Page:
Finally, 2012 was a great year for supporting our tourism and hospitality economy. The City was host to several fantastic civic events drawing hundreds of thousands of people and millions in economic impact—Sailabration, the Grand Prix, Artscape, the African American Festival. We enjoyed post-season games of Orioles magic, and our Ravens won the Super Bowl!
These events showcased our city on the national stage and filled neighborhoods with pride and celebration.
Today, I ask you to support our once-in-a-generation effort to rewrite and reform the City's outdated zoning code. The current code and process create a maze of inflexible rules and unpredictable outcomes that can stifle investment. This needs to change.
We have opportunity with TransForm Baltimore to make the process more transparent and predictable—promoting growth while preserving our unique character. Changing the code will enable us to create Transit-Oriented Developments, including along the proposed Red Line. And it will make it easier to adapt old warehouses into artist studios, turn vacant lots into urban farms, and promote bioscience manufacturing.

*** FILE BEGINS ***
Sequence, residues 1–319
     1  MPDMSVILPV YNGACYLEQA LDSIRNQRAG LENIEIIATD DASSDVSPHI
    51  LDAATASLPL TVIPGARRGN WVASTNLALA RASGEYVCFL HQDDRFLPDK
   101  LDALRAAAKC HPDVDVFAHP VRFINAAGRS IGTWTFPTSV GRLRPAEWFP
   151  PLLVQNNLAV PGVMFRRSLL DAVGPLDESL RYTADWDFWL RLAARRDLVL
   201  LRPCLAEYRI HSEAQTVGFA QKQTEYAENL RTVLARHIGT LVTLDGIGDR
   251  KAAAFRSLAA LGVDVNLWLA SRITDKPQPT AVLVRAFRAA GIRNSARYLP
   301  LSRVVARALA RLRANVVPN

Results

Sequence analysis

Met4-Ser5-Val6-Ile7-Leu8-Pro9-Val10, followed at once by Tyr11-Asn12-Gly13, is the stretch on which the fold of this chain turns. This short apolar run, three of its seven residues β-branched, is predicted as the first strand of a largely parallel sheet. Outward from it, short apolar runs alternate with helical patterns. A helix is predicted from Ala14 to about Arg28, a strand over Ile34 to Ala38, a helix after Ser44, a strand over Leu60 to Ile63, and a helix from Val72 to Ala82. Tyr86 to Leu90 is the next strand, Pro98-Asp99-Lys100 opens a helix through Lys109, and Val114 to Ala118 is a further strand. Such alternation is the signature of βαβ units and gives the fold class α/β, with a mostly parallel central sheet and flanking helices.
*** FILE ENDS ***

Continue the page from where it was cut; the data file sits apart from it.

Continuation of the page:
I understand that the details of this change can be challenging, but we should stay focused on the ultimate goal of approving a modern zoning code for Baltimore's future. Because we must change to grow.
Renewing the City-State Partnership for Schools
Public education is the cornerstone of a growing city. Families have a fundamental right to access a good education in quality school buildings. And providing more opportunities for families to send their children to good public schools will help get Baltimore growing again.
We also know that public education helps break down economic and racial barriers and the ugly cycle of poverty. And the poverty of a government, on its own, is no excuse for failing schools, mismanagement, and bloated bureaucracy.
It was these principles that my father fought for in the 1990's. With new state resources came new accountability to improve student outcomes. The landmark 1997 city-state partnership has made a difference in student achievement.
Under the leadership of Dr. Andres Alonso, student test scores have improved dramatically, North Avenue has shrunk and is better managed, school enrollment has increased steadily year after year, and the number of dropouts has been cut in half. Dozens of new charter and transformational schools have come online, and public school choice is available to most middle and high school students. Thank you Dr. Alonso for your unwavering commitment to the interests of our students.